It’s a bit weird to juxtapose a comment that King’s fanbase is outside British banking circles with a speech given in New York. It has the effect, perhaps deliberate, of reinforcing the notion stressed in the rest of the article, that King is fighting a lonely battle here as he is with his macroeconomic policy stance.
In fact, King has been a pointed and persistent critic of bank conduct and a staunch advocate of wide ranging reforms in all of his policy statements during and after the crisis. He not only has support from other regulators, notably the FSA’s Adair Turner, who has been scathing in some of his remarks, and Andrew Haldane and other senior Bank of England figures, but also politicians: not just from the centre-left Deputy Prime Minister Clegg, but also the (admittedly gormless) Chancellor of the Exchequer, George Osborne too.
Peculiarly, the Times piece stated explicitly that King was alone in wanting to shrink the banks (reducing their leverage would have that effect). John Vickers has already made statements that are very much in accord with King’s stance. For instance, there is very serious discussion in the UK of “structural reform” of which the prevailing model is a Glass-Steagall type division of banking into retail versus capital markets/institutional banking arms. Notice how this idea, which died in Dodo, ahem, Dodd Frank, is getting virtually no coverage in the US media. It appears we can’t let the citizenry know that a country whose banking sector is a bigger proportion of GDP than ours is not afraid to take on its financiers.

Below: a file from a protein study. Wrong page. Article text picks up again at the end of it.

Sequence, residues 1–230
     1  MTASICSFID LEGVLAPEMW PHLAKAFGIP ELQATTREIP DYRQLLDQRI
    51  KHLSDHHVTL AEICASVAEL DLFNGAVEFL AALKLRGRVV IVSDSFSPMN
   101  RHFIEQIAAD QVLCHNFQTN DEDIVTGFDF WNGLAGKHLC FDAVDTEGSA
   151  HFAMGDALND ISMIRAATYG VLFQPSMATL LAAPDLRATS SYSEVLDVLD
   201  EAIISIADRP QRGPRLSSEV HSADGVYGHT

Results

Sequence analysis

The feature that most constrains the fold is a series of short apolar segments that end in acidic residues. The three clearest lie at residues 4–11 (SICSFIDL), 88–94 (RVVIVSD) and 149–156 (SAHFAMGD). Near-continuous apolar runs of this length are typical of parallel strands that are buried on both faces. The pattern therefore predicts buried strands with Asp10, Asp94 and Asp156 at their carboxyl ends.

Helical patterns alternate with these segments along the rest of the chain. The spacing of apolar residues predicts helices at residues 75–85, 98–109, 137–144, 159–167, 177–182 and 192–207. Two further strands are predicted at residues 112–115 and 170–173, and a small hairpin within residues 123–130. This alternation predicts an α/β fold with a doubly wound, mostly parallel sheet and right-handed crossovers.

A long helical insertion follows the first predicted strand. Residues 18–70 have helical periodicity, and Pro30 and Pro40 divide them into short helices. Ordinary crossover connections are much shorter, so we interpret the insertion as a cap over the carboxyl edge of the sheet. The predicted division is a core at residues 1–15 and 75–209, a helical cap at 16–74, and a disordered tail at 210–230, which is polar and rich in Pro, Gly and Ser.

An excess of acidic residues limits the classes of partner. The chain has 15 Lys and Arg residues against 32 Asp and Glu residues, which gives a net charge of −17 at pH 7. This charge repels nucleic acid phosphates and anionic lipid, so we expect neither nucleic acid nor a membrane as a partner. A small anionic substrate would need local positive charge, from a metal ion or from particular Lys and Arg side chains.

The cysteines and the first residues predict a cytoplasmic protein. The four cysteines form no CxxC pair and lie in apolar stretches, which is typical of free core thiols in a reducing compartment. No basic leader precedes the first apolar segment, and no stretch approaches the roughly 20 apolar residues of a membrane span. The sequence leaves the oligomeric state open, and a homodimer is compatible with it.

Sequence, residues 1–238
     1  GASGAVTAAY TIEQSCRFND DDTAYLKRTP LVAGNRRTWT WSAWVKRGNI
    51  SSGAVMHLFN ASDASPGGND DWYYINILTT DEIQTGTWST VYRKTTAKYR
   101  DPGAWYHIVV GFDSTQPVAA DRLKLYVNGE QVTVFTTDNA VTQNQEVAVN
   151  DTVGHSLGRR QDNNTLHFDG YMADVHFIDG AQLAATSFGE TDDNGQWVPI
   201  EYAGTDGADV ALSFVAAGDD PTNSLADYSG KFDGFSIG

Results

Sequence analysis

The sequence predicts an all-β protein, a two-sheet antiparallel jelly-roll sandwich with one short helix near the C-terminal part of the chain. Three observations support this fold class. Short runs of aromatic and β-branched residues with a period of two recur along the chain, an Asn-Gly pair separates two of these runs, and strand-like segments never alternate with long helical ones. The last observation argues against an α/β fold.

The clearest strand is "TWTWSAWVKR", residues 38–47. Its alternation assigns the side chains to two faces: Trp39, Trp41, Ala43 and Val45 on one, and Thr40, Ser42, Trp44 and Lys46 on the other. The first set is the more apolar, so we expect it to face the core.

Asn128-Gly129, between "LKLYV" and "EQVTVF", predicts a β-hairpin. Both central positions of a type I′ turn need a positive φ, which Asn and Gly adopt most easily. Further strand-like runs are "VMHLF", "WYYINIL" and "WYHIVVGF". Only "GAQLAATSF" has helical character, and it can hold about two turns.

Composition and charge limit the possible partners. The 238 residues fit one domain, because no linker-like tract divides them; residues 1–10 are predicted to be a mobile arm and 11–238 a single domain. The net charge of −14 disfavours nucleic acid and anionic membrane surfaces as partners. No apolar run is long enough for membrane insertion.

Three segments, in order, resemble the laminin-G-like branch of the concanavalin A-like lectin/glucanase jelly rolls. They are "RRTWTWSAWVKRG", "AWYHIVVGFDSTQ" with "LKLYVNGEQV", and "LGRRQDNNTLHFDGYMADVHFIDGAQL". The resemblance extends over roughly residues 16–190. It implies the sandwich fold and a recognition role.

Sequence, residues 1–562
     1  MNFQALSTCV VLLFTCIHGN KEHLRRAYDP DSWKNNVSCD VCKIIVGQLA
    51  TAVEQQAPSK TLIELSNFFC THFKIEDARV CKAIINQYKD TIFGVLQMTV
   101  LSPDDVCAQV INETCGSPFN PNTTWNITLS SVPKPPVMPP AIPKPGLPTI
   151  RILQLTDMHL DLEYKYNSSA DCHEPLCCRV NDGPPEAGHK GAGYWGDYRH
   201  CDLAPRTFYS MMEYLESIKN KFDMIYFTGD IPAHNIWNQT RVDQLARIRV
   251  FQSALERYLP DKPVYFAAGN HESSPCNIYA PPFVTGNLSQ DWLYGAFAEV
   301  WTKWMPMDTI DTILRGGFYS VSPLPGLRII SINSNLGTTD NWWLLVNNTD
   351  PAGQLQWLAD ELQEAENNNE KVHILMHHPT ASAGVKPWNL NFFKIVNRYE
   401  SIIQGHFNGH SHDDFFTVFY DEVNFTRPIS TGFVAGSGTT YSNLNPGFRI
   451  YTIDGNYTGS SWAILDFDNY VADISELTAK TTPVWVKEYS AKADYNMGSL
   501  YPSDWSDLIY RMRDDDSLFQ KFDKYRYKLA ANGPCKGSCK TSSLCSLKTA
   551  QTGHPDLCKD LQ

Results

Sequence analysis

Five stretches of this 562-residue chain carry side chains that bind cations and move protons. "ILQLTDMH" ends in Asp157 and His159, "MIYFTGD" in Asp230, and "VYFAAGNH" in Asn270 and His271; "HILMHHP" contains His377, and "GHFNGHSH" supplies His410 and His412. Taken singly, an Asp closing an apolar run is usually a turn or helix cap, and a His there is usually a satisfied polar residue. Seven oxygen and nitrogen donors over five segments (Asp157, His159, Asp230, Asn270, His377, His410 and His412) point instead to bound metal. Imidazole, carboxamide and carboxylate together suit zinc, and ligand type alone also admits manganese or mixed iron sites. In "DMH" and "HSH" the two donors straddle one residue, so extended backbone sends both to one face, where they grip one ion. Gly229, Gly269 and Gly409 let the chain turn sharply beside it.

Excerpts from a recent speech by Vickers, which was carried in full at the Telegraph:
One of the roles of financial institutions and markets is efficiently to manage risks. Their failure to do so and indeed to amplify rather than absorb shocks from the economy at large has been spectacular. The shock from the fall in property prices, even from their inflated levels of a few years ago, should not have caused havoc on anything like the scale experienced. Rather than suffering a ‘perfect storm’, we had severe weather that exposed a damagingly rickety structure.